I am an Indian, so the English I speak is more closer to British English than American English. And this particular way I phrase questions seems to confuse Americans more than Britishers from what I noticed.

So I wanted to get some feedback on how I should phrase these differently.

Normally when I need to correct someone and I am not entire sure of what I am saying, I usually end the sentence with a "right?"

For example: "We need to copy this file to that server as well right?"

What I mean here is that: "I think we need to copy this file to that server as well. But I am not entirely sure. Can you confirm if this file needs to go there?"

And the usual response I get is: "Huh?", "What?".

I usually make sure to change my tone around that word "right" to convey that I am asking a question. I usually keep dropping my tone throughout that sentence and when I hit "right", I raise my voice a bit to signal to the listener that I am asking a question. But from what I noticed, to native English speakers raising tone signals that you are stressing something. So when I raise my voice when I say "right", they think I am stressing that word? And they get confused by that?

All of this is confusing me a lot.

  • 7
    I suspect it may have more to do with your pronunciation and intonation patterns throughout the sentence than with the phrases themselves, since there's nothing in what you've written that would stymie a speaker of American English. Oct 2, 2023 at 20:36
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    Also, impossible to tell how quickly you speak, but you might try slowing down to see if that improves communication. Oct 2, 2023 at 20:41
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    I’m voting to close this question because it isn't a question about learning English.
    – Astralbee
    Oct 2, 2023 at 21:47
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    Try it in two sentences: "We need to copy this file to that server, as well. Right?" Oct 2, 2023 at 22:31
  • "We need to copy this file to that server as well, don't we?" Oct 3, 2023 at 7:55

1 Answer 1


Hard to tell without hearing, but based on the common Indian accent, I would guess that you are most likely a) rolling the words together too quickly without gaps and b) flicking your tongue too hard on the "R" of "right".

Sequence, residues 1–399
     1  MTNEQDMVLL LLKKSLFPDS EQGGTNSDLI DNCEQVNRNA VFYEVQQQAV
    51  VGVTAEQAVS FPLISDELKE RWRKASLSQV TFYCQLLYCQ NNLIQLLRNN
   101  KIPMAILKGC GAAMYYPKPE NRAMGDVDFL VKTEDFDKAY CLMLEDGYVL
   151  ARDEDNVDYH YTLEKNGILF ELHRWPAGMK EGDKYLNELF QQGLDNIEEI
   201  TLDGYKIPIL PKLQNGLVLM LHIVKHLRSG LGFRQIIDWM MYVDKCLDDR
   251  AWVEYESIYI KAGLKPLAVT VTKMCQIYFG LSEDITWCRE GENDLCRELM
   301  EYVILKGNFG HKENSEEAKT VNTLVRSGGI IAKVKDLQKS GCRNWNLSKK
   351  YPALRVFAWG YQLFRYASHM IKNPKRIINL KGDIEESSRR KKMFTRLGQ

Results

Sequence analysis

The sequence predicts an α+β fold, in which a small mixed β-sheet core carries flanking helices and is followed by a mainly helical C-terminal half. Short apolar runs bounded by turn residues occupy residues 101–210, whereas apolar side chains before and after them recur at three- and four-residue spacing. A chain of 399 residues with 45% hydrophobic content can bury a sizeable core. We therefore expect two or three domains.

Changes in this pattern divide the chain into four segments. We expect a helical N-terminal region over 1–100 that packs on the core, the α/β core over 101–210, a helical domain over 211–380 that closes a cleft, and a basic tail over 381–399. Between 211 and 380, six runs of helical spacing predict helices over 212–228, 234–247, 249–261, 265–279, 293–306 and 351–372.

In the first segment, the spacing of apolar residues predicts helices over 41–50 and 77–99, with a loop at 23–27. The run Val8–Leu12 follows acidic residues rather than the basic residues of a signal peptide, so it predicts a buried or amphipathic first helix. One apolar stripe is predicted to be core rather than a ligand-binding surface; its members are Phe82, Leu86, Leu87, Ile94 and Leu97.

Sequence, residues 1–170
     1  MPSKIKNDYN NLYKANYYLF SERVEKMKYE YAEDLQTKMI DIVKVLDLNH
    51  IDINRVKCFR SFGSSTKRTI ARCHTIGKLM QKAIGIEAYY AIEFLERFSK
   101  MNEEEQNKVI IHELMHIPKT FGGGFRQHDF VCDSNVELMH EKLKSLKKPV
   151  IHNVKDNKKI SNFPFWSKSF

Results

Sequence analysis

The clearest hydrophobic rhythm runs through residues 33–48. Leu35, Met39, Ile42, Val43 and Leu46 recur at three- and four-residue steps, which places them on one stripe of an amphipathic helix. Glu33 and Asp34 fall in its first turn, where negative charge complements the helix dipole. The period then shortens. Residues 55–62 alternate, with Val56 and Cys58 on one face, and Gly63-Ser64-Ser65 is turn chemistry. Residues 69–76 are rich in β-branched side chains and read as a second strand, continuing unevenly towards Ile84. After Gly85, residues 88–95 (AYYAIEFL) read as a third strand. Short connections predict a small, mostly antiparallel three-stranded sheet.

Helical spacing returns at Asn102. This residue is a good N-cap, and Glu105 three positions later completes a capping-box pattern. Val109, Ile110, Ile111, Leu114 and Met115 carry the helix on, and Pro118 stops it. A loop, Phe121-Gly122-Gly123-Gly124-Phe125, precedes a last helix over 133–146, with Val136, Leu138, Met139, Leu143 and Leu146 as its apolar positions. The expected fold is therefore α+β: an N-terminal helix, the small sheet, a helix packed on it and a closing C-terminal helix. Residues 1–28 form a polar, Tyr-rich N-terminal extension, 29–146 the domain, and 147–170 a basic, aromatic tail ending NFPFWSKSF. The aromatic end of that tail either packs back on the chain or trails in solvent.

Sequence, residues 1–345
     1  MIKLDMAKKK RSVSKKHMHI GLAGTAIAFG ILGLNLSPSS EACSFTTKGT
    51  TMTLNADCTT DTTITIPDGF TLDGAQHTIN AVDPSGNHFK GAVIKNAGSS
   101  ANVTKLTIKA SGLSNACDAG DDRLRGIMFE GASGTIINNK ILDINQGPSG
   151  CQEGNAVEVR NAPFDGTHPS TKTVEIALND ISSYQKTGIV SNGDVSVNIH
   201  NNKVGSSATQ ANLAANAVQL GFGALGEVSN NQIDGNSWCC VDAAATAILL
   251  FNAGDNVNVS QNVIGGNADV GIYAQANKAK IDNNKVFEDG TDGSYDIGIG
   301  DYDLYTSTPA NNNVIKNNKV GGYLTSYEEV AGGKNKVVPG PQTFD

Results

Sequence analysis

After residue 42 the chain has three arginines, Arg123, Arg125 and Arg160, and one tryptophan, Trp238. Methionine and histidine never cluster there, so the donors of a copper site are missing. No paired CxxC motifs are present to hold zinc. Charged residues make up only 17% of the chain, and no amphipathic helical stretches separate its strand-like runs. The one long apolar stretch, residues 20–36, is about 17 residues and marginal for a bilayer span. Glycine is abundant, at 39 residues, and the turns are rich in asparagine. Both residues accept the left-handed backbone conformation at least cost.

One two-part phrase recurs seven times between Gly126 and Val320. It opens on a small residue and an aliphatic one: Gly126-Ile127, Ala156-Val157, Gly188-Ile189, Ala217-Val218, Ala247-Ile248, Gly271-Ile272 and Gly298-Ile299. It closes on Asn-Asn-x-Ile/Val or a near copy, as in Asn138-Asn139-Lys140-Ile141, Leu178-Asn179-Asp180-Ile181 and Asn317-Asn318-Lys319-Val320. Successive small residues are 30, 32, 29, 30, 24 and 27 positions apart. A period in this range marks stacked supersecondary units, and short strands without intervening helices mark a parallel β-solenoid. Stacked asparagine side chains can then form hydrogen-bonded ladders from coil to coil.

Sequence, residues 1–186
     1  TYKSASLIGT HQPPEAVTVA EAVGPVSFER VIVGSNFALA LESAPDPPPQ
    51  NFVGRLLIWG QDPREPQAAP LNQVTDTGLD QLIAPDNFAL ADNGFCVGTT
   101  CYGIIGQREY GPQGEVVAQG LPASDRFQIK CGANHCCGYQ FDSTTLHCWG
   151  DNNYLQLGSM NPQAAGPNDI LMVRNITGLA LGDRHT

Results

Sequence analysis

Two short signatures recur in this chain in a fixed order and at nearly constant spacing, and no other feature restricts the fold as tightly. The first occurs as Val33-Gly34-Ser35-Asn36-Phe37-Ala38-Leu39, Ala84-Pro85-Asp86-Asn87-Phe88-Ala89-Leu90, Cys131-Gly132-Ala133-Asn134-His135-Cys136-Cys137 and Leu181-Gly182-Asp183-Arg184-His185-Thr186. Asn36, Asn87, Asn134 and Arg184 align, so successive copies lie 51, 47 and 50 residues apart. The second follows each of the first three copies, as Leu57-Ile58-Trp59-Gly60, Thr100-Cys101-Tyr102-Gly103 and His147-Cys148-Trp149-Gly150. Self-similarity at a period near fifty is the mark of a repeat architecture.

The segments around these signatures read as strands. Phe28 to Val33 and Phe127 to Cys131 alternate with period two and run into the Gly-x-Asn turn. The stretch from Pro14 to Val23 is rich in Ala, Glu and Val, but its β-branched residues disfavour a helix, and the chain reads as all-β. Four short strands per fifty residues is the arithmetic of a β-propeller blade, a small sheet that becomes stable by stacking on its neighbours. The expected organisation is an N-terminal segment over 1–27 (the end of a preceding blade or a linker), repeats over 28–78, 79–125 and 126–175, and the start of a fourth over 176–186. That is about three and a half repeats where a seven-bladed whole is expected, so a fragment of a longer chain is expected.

So to a native speaker they are hearing more like "copy this file to that server Azwelhtite" and in this case not understanding what an "Azwelhtite" server is. :)

The phrasing is fine, but there would be at least a comma before "right". Try to a) add a hard pause after "well" and b) don't let your tongue touch the roof of your mouth until the final "t" of "right".

  • 1
    I think you're talking about the retroflex r. If so, that could indeed be confusing for an untrained American. Oct 3, 2023 at 11:25
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    Timing and stress is definitely very different in Indian English. It's important that "right?" is seen as a separate question, because even if you can make it out, there's a lot of difference between "Can you do this right?" (Do it correctly) and "Can you do this, right?" (Can you do this? Is that OK?)
    – Stuart F
    Oct 3, 2023 at 11:33
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    I agree that adding a bigger pause before the question would likely help. Personally, as an American who works at an international company, I've also noticed that my Indian colleagues tend to ask for confirmation more often than I expect. In my subculture (northeast US, coastal, middle-ish class in tech), I usually only add a question like "right?" or "am I understanding?" if I'm trying to defer to someone else's larger amount of knowledge/leadership or genuinely confused. Some of my Indian colleagues seem to ask it more rhetorically, and even when they are the expert, which can surprise me. Oct 3, 2023 at 12:40

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